Police launch landfill search for missing baby Gabriel

by Megan Boehnke - Feb. 9, 2010

San Antonio police began excavating a city landfill Tuesday in search of the body of missing baby Gabriel Johnson, all the while saying they remain hopeful the child is still alive.

Police haven't said whether there is new evidence suggesting the child is in the dump beyond text messages sent from the mother, Elizabeth Johnson, to the boy's father nearly seven weeks ago in which she claims claiming she had smothered him, stuffed him in a baby bag and left him in a dumpster.

Police are sifting through trash that came from a motel where Johnson was staying the last time the child was seen alive.

The likelihood of finding the body in the dump, experts say, is not good. That is especially true in a case where there's no confirmation that the child is dead, said forensic expert Paul Laska, who oversaw a landfill search for a child in Florida.

"Sometimes unfortunately, you end up having to do things because you have a public out there expecting you to," Laska said.

Gabriel's mother, Elizabeth Johnson, 23, recanted her original statements that she killed the boy but has since her arrest refused to speak with Tempe Police.

She is being held in a Maricopa County jail on kidnapping, child abuse and custodial interference charges. Any additional charges, Arizona authorities said, would have to come from San Antonio law enforcement, where the child was last seen alive.

Police would not say how they identified where the child might be, but only that one of many leads led them to the landfill.

San Antonio Police announced over the weekend that they are investigating the case as both a homicide and missing person's case. The homicide classification allows them to do the landfill search, said Sandy Gutierrez, a spokeswoman with San Antonio police.

The landfill operators will spend the next six days removing 45 feet of debris before reaching the trash from the motel. Police will then begin their search for any evidence using volunteers and cadaver dogs.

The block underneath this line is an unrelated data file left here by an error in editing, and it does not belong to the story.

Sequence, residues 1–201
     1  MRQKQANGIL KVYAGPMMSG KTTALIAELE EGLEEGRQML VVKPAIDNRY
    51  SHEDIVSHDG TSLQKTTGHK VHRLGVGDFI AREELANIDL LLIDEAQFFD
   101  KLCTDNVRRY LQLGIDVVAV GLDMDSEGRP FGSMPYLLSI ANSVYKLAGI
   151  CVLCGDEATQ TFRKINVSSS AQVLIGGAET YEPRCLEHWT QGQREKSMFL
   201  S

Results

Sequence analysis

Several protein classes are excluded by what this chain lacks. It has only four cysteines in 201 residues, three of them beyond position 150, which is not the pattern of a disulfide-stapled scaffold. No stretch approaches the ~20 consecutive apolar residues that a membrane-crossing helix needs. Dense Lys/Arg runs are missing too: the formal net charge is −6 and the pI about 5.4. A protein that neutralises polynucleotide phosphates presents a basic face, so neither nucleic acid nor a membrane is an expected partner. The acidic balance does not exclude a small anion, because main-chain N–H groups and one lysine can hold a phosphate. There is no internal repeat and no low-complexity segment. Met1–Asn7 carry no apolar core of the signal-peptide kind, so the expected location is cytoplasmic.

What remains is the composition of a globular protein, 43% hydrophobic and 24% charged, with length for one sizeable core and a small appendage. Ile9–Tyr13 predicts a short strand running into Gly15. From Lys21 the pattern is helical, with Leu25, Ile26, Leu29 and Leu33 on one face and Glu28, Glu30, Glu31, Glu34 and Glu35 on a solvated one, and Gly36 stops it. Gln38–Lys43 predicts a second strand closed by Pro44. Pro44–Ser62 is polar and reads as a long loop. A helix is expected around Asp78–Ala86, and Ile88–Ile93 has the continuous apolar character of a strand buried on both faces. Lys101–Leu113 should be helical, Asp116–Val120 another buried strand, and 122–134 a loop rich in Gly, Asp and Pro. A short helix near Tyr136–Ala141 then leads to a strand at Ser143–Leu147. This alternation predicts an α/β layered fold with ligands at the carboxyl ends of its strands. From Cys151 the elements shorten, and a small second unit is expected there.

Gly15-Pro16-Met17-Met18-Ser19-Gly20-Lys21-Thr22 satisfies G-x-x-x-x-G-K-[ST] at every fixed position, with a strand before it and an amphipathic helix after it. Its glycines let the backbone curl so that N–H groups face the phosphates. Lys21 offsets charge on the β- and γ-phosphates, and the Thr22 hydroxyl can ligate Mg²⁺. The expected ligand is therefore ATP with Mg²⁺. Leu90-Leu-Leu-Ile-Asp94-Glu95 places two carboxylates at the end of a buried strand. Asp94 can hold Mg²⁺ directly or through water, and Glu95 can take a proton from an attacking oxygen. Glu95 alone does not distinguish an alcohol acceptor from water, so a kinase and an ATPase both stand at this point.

Such searches cost hundreds of thousands of dollars, take weeks to complete and are often fruitless. Once the landfill operators determine exactly where in the dump the trash of interest is, dozens of volunteers from the police and fire departments gather for weeks to sift through the debris. They use cadaver dogs and forensic anthropologists.

They follow dates on discarded newspapers to make sure they are looking in the right spot.

They become experts on the difference between turkey bones, chicken bones and steak bones. And often times, they never find the body.

The two most publicized landfill searches in the Valley both came up empty despite partial admissions from suspects and forensic evidence found in garbage cans.

The bodies of Tempe mother Cookie Jacobson, whose children told police they found her dead and stuffed her in a garbage can, and an Ahwatukee teen who was shot to death by a friend who said he also disposed of the body in a residential garbage can, were both never found.

The same thing happened to 10-year-old Florida girl Andrea Parsons who disappeared in July 1993, a case worked by Laska.

Police suspected convicted child molester Claude Davis, who told the Martin County Sheriff's Office he was collecting cans with the girl when she fell and hit her head. He said he panicked, throwing the body in a dumpster.

Police and landfill owners at the time tracked the trash from that dumpster to an area the size of a couple landfills and spent the entire month of December searching, said forensic expert Laska, who was, at the time, the head of the crime scene for the Martin County Sheriff.

Her body was never found and charges against Davis did not hold up.

Though police never believed his story that she died accidentally and he dumped her body, authorities had an "obligation" to search the landfill, Laska said.

Deputies used heavy machinery and cadaver dogs in the search, and though the stench was overwhelming, the dogs were able to ignore animal bones and pick up scents that led them to human hair clippings from barber shops and discarded feminine products.

If the child is in the dump and authorities have identified the right place, Laska said, he has confidence that cadaver dogs could pick up the scent. It's unclear whether San Antonio police are using cadaver dogs.

"Landfill people are our best source of information, because you're trying to take this big landfill to find this specific area," Lasks said.

Police in San Antonio worked with the phoenix-based owner of the landfill last month to identify exactly where to find the trash from the motel. The company immediately cordoned off that area and began re-directing dump trucks, said Peg Mulloy, a spokeswoman for Republic Services, Inc.

The Associated Press contributed to this story.

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